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Japanese barberry (Berberis thunbergii)
A low-growing (2-3’ tall) deciduous shrub with numerous spiny stems. Older stems are gray whereas twigs and young stems turn reddish-brown in winter. If a stem is cut, it will reveal that the inner bark is yellow. Branches root freely when they touch the ground.
Other names for this plant include:
- Common names: barberry, Thunberg's barberry, Japanese berberis
- Scientific names: Berberis thunbergii var. atropurpurea
- Will grow along woodland edges, open woods, roadsides and old fields where it can dominate the understory by shading out native plants and changing foraging habits of wildlife.
- Prefers well drained soils and sunny habitats, but will survive and produce fruit in heavily shaded environments.
Classification in Wisconsin: Not regulated.
Leaves: Clustered in tight bunches above spines, the leaves are simple, alternate, small, and oval-wedge shaped; they leaf out in early spring.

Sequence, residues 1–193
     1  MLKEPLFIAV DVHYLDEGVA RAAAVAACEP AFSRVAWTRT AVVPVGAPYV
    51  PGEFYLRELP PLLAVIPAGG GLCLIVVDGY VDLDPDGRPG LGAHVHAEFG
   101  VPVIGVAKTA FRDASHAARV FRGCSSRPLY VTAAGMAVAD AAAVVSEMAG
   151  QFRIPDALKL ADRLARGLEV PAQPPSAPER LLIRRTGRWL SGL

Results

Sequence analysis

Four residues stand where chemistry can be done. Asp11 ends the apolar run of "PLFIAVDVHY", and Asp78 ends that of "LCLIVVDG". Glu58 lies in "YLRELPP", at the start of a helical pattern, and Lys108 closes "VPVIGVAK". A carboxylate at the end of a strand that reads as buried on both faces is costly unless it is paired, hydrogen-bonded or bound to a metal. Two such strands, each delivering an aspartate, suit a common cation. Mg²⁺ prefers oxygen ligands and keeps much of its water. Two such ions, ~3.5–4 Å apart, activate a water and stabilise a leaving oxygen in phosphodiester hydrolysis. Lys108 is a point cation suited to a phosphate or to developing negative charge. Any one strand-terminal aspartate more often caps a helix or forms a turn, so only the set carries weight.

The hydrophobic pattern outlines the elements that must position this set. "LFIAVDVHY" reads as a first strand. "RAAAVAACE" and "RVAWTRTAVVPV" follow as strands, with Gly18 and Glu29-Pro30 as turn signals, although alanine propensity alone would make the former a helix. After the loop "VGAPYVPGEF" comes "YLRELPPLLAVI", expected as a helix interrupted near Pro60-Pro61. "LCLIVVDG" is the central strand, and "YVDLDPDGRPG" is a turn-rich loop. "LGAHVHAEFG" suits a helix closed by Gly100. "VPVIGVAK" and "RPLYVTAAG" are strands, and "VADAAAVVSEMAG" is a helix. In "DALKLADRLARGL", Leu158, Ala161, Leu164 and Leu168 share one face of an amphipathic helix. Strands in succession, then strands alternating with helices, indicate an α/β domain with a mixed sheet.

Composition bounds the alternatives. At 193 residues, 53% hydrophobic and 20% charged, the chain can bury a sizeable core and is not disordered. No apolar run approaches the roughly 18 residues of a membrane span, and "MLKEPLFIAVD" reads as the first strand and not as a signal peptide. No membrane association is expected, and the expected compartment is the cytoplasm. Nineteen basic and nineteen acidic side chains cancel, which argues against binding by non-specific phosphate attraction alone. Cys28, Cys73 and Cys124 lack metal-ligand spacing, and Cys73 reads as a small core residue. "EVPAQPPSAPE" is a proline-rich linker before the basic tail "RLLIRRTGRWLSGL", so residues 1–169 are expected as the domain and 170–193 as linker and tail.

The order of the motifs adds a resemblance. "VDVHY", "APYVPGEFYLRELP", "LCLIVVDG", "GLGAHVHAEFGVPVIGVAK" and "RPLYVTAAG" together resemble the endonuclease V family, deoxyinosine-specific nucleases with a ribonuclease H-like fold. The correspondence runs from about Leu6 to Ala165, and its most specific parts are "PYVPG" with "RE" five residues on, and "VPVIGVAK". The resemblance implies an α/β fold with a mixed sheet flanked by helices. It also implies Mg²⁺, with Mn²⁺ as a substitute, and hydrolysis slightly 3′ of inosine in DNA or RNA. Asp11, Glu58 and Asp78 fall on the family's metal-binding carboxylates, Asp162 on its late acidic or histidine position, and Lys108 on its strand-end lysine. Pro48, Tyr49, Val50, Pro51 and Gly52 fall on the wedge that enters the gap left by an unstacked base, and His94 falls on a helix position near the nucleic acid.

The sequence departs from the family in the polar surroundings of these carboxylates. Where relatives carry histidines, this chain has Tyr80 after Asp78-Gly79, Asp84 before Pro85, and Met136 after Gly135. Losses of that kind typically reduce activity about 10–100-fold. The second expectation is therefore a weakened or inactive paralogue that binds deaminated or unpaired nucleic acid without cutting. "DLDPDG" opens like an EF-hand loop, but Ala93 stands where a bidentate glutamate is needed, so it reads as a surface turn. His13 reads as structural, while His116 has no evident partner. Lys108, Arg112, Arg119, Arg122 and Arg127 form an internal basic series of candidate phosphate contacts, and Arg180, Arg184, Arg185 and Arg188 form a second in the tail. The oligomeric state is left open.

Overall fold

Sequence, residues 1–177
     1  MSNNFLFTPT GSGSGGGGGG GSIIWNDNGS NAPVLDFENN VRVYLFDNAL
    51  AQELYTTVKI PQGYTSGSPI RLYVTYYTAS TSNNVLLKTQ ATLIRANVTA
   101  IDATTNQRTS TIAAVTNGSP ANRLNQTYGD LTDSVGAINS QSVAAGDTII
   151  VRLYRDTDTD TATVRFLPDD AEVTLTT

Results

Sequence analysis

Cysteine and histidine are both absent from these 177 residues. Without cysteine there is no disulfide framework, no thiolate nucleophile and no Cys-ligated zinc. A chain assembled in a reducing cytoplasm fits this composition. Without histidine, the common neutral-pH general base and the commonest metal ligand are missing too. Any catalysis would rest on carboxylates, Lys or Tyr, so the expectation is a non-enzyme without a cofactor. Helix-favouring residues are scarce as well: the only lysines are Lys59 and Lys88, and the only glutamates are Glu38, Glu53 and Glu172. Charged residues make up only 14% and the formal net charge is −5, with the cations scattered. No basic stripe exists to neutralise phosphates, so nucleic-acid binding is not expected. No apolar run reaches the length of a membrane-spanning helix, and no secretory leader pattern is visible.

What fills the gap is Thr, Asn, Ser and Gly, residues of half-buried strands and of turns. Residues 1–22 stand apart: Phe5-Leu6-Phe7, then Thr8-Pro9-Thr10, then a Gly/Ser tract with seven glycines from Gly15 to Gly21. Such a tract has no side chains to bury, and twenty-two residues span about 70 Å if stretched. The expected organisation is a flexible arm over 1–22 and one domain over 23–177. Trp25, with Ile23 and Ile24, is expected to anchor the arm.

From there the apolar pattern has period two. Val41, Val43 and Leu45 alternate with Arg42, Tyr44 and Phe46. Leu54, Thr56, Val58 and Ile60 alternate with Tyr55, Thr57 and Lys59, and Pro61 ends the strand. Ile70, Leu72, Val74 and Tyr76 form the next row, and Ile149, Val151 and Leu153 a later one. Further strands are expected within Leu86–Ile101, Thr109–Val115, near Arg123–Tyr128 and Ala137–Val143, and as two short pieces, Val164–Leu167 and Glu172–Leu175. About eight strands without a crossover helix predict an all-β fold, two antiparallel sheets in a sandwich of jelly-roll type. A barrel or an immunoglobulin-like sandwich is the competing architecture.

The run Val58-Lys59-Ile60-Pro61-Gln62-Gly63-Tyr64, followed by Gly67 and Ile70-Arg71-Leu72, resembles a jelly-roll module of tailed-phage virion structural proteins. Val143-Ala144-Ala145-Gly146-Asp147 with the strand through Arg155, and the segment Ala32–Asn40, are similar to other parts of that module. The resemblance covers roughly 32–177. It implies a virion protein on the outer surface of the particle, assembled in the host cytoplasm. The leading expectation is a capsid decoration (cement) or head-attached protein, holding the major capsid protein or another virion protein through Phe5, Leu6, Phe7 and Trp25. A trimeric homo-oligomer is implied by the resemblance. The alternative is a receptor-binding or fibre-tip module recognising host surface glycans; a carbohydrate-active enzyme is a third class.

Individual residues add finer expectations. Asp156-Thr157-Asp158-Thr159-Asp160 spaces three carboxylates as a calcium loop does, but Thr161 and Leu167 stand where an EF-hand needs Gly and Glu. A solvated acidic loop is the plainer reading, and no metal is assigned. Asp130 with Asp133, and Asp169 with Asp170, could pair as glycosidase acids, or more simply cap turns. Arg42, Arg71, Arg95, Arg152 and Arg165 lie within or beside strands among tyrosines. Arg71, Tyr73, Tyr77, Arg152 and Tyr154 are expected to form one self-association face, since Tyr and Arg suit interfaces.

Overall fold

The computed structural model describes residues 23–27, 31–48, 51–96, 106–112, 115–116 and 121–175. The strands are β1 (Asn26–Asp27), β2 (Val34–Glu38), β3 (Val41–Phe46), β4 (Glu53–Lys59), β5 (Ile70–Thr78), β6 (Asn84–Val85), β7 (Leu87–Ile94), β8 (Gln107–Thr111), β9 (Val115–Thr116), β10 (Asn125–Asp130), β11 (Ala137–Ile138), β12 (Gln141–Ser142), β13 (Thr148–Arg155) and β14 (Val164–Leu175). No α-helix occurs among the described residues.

Flowers: Cream-yellow and 1/3” wide; occur singly or in small clusters of 2-4 and bloom in May.
Fruits & seeds: Small, bright red oval berries occur singly or in clusters and remain on stems into winter. Seeds are readily dispersed by birds.
Roots: Creeping, shallow roots but tough.
Similar species: European barberry (Berberis vulgaris) is also a non-native invasive but has spiny, toothed leaves and flowers in a long raceme.
Counties in WI where Japanese barberry has been reported (as of July 2011). Both vouchered and unvouchered reports included.
Do you have Japanese barberry in your county but it isn't shaded on the map? Send us a report.
Mechanical: Can be pulled out or dug; ensure to remove all connecting roots. Mow or cut larger plants before seed set if not able to remove the entire plant. Prescribed burns can be effective in fire-adapted communities.
Chemical: Triclopyr or glyphosate with a penetrating oil can be effective when used as a cut-stump treatment and basal barking.
View Japanese barberry pictures in our photo gallery!
Sources for content:
- Czarapata, Elizabeth; Invasive Plants of the Upper Midwest: an illustrated guide to their identification and control. University of Wisconsin Press. 2005. Pg. 88-89
- Center for Invasive Species and Ecosystem Health, Invasive.org. Japanese barberry.
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